(Of course it isn’t called that, in case you’re actually wondering. It’s more of a big red circle instead.)

My stamped and validated ticket.

The transfer bus to the ferry is operated by a Trans Batam Hino bus. Not sure if the port, PELNI and DAMRI is actually one giant transport company or it’s actually chartered.

The Trans Batam bus dropping us off at the ship.

This ship is bigger than I imagined it to be.

The welcome panel up the gangway on board the KM Kelud.

In case you’re wondering, KM isn’t part of the actual name of the ship. In the English-speaking world, you might be more familiar with the abbreviation MV in front of ships instead, which stands for Motor Vessel. KM stands for Kapal Motor, which is the same thing in Indonesian. The ship’s namesake, Kelud, is a mountain on West Java which you will see in an upcoming post.

And lunch is actually served. I wasn’t expecting this. Turns out that they prepare a small lunch portion for the early birds who board early, since boarding starts at 11am and the ship sets sail at 1pm. How nice of them.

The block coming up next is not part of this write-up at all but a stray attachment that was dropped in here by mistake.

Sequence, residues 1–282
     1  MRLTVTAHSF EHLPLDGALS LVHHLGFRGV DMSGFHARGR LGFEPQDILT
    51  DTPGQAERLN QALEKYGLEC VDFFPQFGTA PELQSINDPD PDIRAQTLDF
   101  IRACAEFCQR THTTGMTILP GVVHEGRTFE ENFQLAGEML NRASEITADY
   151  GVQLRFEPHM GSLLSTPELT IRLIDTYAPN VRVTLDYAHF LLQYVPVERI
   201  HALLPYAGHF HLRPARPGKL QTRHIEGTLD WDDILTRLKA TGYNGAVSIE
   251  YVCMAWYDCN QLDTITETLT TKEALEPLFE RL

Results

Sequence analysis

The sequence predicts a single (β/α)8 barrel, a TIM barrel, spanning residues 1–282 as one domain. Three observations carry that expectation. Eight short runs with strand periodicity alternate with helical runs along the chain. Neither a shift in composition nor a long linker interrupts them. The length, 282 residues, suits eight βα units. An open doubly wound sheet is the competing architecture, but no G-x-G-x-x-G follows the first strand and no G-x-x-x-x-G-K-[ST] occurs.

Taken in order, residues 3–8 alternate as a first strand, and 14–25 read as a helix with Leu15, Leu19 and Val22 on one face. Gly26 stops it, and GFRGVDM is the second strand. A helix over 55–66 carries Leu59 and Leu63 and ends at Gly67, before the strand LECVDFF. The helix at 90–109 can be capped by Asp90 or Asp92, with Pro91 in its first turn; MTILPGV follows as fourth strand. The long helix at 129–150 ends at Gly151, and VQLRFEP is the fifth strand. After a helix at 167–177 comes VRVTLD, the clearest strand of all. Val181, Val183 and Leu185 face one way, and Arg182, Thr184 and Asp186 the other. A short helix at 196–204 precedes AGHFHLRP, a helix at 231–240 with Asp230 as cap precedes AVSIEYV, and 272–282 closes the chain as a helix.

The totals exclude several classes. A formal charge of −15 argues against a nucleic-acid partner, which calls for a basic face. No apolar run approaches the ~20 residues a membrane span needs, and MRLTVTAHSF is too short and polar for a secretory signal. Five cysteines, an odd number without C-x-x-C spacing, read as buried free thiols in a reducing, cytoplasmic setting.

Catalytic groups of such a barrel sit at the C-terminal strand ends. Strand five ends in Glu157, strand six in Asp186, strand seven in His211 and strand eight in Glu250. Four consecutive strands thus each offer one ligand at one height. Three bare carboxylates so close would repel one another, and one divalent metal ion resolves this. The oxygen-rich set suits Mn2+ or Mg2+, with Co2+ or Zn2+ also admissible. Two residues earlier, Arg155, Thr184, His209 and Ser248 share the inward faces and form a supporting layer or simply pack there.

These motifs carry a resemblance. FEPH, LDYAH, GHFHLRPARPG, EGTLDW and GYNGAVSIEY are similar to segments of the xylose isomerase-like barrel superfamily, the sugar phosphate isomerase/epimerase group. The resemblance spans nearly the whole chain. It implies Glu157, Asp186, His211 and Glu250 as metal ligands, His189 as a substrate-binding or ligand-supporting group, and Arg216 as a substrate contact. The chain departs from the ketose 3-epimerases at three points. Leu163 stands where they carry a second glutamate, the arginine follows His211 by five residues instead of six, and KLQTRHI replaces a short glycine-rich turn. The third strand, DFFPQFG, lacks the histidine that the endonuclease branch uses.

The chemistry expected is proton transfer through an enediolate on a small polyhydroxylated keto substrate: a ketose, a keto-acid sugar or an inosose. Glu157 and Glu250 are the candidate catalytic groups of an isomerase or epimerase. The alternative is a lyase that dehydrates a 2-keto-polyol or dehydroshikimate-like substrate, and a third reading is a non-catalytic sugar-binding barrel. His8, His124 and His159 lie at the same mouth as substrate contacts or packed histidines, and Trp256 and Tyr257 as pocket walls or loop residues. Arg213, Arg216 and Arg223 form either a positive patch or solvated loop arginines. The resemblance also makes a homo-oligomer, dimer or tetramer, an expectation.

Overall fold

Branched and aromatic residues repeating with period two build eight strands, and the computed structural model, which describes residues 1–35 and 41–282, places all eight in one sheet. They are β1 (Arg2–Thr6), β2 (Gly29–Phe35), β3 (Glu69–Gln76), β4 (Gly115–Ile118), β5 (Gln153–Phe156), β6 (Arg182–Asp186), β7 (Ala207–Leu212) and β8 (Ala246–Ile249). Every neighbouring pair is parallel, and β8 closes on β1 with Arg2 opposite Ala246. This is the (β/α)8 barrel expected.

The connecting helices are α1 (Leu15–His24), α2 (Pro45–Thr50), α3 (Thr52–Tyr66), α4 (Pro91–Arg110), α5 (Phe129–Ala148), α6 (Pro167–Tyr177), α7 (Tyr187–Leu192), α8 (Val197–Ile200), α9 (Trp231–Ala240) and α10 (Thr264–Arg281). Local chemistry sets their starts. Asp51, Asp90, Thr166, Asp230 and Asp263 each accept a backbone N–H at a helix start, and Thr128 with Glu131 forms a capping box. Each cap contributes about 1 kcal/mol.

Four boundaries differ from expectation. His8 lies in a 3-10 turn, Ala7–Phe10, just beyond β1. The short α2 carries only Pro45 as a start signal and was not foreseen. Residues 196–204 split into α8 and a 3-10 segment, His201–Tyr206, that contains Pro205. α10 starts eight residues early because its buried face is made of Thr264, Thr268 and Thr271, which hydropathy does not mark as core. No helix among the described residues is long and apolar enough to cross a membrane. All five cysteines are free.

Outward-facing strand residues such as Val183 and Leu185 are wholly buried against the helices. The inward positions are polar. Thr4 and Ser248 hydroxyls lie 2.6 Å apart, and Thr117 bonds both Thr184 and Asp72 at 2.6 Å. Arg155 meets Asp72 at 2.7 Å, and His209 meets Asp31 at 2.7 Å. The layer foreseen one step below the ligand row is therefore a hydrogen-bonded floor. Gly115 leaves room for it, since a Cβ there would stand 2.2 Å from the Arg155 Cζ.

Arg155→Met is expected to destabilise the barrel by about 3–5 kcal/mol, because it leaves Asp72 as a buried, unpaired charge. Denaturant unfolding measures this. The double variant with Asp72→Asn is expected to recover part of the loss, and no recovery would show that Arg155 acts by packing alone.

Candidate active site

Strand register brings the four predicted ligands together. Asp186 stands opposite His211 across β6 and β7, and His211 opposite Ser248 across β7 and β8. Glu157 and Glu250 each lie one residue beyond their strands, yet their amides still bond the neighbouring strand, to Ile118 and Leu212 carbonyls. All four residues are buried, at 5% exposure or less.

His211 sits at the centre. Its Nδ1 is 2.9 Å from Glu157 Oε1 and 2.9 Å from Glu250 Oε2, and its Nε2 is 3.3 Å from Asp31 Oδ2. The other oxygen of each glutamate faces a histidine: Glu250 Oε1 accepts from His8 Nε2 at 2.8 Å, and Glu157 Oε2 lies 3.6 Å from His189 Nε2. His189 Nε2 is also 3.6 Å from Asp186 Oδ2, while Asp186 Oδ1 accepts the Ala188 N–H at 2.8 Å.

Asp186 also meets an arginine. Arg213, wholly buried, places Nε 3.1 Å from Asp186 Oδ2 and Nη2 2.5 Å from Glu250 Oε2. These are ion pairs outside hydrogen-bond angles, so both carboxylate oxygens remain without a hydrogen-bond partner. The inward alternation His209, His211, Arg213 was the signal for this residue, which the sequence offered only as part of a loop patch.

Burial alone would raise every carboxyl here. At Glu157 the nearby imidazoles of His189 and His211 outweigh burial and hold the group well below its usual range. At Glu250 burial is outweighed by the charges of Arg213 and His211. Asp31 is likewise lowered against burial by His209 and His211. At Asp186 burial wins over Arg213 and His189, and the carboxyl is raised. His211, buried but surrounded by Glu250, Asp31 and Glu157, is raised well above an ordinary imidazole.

Each Class 1A cabin fits two people, and can be shared between two single travellers of the same sex.

Slipping off from Batu Ampar Port.

The Singapore skyline as seen from the ship.

Shortly after departure, an announcement was made for all passengers to return to their respective places for ticket checking, and all connecting doors between parts of the ship will be locked.

Now for more pictures of the facilities on board the KM Kelud.


The sun deck on Deck 7.


There is an Alfamart on the roof (that’s what it says on the ship plan), above Deck 7, with a seating area outside.




The Alfamart is pretty well-stocked on board the KM Kelud. There’s everything you need and more. Prices are around double or triple of the Alfamarts on land though.

A clinic is available on board for any medical needs.

A photo wall is available outside the clinic in case you fail to spot any real-life dolphins out at sea.

A nice painting of the KM Kelud.

A new Economy Class layout with double deck bunk beds, as opposed to the other pictures I have seen online.


There is also a mini theatre on Deck 2, the lowest deck a passenger can access. Tickets for each movie screening cost Rp10,000, which will be announced and opened about an hour before the movie begins.


Outside the theatre, there are the older Economy Class bed frames which seem to be undergoing on upgrade with power sockets for each bed.


The PELNI Mart outside of the First Class area.

The route map of the KM Kelud.

The dinner spread for the entire number of passengers in First AND Second Class.


My portion for dinner.

After dinner was done, I walked around the ship to watch the sunset.